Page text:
06-19-2016, 10:06 PM
Quote:Totally agree on what you say above. However, I still don't understand what you mean by this statement:
F9 and F11 are well into diffraction territory with current (16 and 20MP) MFT sensors.
The problem really is the word diffraction territory - there si no such thing.
A sensor is "diffraction limited" (essentially the wrong word, which is why I put it in quote marks), when the aperure used produces a resolution which by definition is less than the resolution of the sensor. Diffraction limits for a sensor in principle occur at teh Nyquist frequency, and if you compare diffraction limits for different apertures, you'll find that when using teh Rayleigh criterion, this limit occurs at around F/12 and F/11, and ideally, because of other factors, one should use a stop larger to get optimal results, i.e., F/9 and F/8 (made a typo in my earlier post; I'll correct it), or, even larger apertures, obviously.
And what do you mean that it is more visible the the higher the sensor density is?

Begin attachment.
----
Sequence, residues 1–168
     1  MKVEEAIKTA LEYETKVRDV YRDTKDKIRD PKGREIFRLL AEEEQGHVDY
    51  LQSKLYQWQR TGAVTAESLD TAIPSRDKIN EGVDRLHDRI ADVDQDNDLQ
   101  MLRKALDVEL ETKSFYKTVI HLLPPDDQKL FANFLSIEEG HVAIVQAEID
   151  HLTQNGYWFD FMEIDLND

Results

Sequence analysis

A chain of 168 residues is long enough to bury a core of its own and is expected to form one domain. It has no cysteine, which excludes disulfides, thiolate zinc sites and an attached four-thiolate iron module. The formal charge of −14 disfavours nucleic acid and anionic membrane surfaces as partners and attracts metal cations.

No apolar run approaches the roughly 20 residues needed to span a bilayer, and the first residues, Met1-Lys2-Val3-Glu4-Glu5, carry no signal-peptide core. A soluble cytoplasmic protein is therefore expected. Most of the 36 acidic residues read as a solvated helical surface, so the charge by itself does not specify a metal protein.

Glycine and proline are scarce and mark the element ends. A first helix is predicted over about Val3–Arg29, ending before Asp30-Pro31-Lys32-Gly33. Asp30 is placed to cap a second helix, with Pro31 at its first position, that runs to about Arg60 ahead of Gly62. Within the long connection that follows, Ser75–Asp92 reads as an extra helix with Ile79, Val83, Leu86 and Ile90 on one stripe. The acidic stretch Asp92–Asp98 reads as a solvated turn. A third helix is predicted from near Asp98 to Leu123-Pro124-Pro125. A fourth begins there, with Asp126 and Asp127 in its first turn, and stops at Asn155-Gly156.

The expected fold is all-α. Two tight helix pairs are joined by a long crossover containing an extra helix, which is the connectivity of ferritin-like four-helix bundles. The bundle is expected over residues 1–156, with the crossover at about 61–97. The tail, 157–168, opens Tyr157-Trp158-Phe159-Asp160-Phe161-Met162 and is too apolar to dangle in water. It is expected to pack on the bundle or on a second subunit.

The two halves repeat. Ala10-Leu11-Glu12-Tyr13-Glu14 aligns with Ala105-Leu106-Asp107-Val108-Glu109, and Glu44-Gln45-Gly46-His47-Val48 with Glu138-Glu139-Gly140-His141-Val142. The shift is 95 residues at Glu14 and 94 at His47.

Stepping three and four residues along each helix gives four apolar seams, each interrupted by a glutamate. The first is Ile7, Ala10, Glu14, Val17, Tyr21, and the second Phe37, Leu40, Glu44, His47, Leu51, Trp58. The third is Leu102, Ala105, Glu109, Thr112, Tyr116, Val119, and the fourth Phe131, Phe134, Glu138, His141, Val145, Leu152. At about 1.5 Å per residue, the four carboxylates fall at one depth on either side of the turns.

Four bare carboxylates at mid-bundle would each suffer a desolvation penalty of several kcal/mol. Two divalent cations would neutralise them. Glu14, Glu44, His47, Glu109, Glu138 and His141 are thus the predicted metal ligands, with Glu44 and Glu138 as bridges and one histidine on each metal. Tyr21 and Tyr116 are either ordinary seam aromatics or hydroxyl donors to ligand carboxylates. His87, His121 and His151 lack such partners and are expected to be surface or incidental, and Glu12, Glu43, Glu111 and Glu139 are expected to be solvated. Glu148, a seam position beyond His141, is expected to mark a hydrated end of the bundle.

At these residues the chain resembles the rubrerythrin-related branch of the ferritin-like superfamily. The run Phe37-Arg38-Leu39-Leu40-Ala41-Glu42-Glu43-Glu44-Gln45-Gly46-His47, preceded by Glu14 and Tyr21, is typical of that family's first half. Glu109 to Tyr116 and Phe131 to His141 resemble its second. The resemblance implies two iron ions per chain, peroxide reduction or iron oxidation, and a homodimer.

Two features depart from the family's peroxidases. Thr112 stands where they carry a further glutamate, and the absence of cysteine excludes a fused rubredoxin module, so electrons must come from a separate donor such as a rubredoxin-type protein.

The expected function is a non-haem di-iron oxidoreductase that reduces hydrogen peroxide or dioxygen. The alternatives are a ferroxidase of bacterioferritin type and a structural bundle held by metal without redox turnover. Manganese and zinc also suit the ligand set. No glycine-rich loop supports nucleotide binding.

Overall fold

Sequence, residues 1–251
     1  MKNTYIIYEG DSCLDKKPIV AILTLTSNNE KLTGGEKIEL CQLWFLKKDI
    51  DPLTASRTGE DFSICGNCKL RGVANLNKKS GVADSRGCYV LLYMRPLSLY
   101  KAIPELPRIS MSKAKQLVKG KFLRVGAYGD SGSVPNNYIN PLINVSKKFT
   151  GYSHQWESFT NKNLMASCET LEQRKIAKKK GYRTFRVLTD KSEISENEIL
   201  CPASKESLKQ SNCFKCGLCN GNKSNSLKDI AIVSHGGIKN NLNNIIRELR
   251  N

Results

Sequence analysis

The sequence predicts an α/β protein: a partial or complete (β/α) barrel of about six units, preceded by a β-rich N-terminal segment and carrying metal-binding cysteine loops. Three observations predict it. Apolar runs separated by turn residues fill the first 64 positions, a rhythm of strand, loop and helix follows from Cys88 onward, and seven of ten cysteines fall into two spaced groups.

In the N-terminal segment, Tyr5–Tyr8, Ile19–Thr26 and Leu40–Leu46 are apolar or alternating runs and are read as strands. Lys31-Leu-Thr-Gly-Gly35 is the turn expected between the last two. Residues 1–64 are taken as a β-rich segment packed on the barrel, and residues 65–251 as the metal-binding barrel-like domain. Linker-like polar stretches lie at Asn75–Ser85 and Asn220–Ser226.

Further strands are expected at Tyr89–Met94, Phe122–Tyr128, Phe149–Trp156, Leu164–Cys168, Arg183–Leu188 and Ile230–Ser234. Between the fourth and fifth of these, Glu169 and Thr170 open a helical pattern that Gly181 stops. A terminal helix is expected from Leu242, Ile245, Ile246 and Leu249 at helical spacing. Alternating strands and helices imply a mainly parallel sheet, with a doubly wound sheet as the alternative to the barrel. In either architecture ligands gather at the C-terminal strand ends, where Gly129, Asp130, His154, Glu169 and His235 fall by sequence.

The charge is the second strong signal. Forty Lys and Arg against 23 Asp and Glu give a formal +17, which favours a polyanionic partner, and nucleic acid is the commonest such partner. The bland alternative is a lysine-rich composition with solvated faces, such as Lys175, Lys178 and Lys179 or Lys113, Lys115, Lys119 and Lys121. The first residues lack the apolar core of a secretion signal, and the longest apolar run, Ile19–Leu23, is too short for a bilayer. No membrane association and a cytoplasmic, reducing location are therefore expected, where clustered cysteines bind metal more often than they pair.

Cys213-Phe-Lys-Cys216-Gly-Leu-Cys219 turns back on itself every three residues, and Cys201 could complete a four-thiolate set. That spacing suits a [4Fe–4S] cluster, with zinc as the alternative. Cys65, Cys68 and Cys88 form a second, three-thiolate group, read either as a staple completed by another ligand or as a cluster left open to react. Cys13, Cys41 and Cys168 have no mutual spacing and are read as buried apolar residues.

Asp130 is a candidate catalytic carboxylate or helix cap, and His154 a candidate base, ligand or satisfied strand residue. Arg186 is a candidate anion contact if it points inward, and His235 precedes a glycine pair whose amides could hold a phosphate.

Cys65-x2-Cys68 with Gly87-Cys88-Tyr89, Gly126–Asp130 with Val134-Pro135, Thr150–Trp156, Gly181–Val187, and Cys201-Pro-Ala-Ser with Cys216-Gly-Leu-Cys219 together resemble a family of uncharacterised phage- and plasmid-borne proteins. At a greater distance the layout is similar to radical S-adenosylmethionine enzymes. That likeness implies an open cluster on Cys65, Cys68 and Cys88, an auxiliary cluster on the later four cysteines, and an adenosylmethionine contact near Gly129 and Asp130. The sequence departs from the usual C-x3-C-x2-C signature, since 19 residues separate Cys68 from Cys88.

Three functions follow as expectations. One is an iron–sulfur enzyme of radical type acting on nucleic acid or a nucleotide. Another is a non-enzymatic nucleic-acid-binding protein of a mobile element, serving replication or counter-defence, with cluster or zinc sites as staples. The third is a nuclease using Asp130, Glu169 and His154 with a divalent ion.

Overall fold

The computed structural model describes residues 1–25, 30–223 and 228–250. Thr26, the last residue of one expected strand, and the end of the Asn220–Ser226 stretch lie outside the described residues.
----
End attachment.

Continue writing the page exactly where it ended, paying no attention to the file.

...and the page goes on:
You will see sharper jumps in resolution going from aperture to aperture with higher density sensors, than you do with lower density ones, but thatis not so much related to diffraction as to sensor resolution itself.
If you click on the pictures I attached, you will see that the differences between resolution figures at larger apertures between the different sensors is greater than at smaller ones. This means that the drop off in system resolution is steeper once you go beyond teh apertures where a lens is best. That is all there is to it.
When I get a chance, I'll draw some resolution graphs to show what I mean.
HTH, kind regards, Wim
Gear: Canon EOS R with 3 primes and 2 zooms, 4 EF-R adapters, Canon EOS 5 (analog), 9 Canon EF primes, a lone Canon EF zoom, 2 extenders, 2 converters, tubes; Olympus OM-D 1 Mk II & Pen F with 12 primes, 6 zooms, and 3 Metabones EF-MFT adapters ....